In Peterson’s (An Introvert Learns to Fly, 2018) novel, godlike aliens give three Earth children extraordinary gifts to guide humanity’s technological and social progress.
The Torae, an ancient, advanced alien race who consider themselves stewards of all intelligent life, judge Homo sapiens to be a promising species for development. They imbue three American children with vast mental abilities—Californian Rianne, a budding bioengineer; working-class Minnesotan Dan, a computer prodigy; and insightful Sarah, a Virginian who’s a natural diplomat and ethicist. Via intermittent direct communication with the Torae, and through their own maturation, the three lead humankind to radical technological and conceptual breakthroughs. But there’s a complication that not even the far-seeing Torae imagined: the Unity, a spacefaring, insectlike race who have the astounding ability to manipulate tiny black holes. The Torae judge the Unity to be a galaxy-threatening pest and launch an war of extermination against them. When the existence of Earth is threatened, the children’s mission becomes even more urgent. Most of the leapfrogging narrative involves Rianne, Dan, and Sarah as adults. Over the course of their lives, they witness mankind’s implantation with communication devices; fight a cyber-based world war; create new life; and medically unlock secrets of immortality. Peterson has an impressive background—he’s a physicist and the former vice president of technology at Honeywell—and his expertise comes through in his highly ambitious sci-fi debut, which offers serious speculation into the future of humanity. At the same time, however, the story never feels didactic or constrained by an agenda to educate readers with technospeak. Instead, the author manages to juggle a large ensemble cast while clearly exploring the ramifications of each paradigm shift within the suspenseful narrative. Still, it’s a bit odd that humanity has such a low-key reaction to finding out that the Unity and the Torae exist; they just seem to take it all in stride.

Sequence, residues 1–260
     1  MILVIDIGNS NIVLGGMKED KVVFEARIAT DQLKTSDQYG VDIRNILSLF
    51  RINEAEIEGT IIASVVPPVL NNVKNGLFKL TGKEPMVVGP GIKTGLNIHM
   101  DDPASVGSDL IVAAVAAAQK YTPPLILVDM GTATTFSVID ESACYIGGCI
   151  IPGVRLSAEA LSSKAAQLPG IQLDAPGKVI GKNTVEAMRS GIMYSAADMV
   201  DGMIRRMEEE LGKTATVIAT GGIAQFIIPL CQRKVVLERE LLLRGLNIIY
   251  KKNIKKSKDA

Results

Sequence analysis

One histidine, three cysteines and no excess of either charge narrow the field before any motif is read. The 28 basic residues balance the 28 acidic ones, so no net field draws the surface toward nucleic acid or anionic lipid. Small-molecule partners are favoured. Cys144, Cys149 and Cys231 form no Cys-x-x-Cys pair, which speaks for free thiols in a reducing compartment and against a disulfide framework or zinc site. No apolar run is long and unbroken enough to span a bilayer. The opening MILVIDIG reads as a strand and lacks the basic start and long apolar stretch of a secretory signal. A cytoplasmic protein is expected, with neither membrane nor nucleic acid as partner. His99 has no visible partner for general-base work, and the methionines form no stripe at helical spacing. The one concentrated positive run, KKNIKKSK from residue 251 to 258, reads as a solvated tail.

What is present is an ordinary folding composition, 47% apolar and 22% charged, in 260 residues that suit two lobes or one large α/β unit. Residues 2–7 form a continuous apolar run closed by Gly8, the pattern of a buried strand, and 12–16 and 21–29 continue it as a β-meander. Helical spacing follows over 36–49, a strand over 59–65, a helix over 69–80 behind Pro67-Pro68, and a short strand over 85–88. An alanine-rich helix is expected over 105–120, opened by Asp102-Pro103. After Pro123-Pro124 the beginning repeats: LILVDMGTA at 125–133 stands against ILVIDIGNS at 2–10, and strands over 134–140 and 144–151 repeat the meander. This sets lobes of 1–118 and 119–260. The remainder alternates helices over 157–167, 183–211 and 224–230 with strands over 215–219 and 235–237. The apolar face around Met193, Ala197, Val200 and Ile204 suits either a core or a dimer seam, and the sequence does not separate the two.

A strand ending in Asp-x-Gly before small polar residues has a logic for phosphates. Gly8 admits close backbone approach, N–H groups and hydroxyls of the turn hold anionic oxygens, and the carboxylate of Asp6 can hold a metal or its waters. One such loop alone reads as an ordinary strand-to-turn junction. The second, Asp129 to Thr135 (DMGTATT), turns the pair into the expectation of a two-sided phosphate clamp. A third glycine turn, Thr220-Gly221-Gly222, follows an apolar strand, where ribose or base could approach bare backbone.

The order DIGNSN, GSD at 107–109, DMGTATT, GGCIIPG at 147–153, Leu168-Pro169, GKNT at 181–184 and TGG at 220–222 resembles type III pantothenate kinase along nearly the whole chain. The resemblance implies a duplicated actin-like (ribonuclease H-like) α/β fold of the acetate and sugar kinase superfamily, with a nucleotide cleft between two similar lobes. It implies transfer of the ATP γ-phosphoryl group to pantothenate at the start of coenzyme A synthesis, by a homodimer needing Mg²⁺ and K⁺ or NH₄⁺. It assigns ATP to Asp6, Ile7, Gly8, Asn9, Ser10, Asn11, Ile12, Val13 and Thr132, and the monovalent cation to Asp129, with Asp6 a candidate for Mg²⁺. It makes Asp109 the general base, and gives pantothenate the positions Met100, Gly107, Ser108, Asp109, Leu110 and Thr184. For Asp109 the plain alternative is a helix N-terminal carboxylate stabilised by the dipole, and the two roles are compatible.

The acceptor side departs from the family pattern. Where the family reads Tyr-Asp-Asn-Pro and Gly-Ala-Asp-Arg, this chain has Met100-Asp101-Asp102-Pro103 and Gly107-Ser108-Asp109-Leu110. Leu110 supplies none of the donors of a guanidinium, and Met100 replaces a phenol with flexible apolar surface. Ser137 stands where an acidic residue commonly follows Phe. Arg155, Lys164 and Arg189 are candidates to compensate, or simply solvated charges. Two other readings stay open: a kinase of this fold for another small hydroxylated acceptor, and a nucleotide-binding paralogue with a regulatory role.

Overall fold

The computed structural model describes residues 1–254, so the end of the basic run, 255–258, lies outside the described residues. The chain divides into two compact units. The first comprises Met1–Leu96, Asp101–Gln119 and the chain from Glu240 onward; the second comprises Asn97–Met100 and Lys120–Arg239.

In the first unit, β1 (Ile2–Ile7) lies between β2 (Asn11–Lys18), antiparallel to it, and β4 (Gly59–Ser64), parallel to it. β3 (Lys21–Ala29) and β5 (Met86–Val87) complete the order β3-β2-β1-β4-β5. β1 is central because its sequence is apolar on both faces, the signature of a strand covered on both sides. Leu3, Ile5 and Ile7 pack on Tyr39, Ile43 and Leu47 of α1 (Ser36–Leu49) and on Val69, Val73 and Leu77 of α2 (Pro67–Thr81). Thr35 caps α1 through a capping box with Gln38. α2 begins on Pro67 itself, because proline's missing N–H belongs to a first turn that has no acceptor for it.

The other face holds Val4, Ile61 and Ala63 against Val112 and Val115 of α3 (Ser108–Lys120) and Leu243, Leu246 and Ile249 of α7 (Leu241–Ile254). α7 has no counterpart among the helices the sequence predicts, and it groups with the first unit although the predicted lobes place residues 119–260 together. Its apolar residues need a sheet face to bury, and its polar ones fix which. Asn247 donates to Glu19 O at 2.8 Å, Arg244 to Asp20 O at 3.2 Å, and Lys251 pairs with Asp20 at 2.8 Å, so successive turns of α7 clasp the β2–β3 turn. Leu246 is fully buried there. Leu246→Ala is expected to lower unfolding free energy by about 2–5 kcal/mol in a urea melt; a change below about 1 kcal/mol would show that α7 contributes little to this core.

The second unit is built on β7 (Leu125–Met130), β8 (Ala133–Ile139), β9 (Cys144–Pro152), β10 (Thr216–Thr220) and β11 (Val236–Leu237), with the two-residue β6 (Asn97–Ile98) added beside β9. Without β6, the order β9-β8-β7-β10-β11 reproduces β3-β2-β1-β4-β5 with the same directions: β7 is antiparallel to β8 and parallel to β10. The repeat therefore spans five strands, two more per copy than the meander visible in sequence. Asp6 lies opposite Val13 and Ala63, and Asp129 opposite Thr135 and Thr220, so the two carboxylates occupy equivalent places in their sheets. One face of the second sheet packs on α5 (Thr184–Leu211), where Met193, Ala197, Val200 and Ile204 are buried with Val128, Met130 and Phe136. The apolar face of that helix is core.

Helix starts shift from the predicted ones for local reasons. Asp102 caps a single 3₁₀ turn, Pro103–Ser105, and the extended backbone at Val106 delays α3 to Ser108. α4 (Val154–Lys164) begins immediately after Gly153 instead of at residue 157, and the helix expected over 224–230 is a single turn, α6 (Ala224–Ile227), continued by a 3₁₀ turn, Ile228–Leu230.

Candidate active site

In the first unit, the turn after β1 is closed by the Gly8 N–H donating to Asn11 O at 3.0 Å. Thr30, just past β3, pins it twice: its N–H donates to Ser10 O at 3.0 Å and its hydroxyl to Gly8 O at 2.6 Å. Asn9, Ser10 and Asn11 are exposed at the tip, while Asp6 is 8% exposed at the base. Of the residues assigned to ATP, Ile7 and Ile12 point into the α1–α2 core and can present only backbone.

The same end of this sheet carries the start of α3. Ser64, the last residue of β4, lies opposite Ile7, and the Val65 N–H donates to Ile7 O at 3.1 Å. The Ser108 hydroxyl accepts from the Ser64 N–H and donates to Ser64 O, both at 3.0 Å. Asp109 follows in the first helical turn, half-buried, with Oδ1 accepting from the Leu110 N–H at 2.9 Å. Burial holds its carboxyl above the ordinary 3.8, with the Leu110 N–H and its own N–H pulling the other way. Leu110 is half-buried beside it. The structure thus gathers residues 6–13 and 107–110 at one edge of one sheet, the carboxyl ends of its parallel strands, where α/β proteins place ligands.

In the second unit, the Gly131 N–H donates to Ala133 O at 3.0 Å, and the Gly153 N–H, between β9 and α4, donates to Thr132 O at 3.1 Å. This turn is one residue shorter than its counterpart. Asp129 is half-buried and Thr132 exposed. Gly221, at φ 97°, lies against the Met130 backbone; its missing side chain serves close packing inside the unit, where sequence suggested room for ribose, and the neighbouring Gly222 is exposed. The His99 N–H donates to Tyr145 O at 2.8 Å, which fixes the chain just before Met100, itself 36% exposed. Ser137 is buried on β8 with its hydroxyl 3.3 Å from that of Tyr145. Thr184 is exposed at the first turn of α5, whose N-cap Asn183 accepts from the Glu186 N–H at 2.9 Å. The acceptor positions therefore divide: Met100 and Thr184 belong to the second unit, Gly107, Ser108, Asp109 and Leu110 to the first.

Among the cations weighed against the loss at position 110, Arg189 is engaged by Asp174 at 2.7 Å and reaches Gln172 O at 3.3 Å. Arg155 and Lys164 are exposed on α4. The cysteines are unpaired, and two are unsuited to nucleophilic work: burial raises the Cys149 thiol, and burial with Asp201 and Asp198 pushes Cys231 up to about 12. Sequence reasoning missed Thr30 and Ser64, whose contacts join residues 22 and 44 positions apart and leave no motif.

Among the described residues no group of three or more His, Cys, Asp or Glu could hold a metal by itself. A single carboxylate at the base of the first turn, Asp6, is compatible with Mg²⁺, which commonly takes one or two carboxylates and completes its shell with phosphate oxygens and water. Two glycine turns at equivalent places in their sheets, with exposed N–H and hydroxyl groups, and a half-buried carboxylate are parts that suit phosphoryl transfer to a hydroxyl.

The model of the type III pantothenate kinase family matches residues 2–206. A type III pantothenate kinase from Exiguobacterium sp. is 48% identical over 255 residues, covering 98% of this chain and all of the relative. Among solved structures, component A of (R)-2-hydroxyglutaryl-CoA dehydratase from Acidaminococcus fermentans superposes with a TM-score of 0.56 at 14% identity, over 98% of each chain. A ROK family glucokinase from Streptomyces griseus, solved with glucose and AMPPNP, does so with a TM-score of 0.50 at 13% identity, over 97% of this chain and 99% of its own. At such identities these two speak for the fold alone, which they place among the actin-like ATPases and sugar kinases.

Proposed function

A fluid, grand-canvas, peripatetic future-history adventure.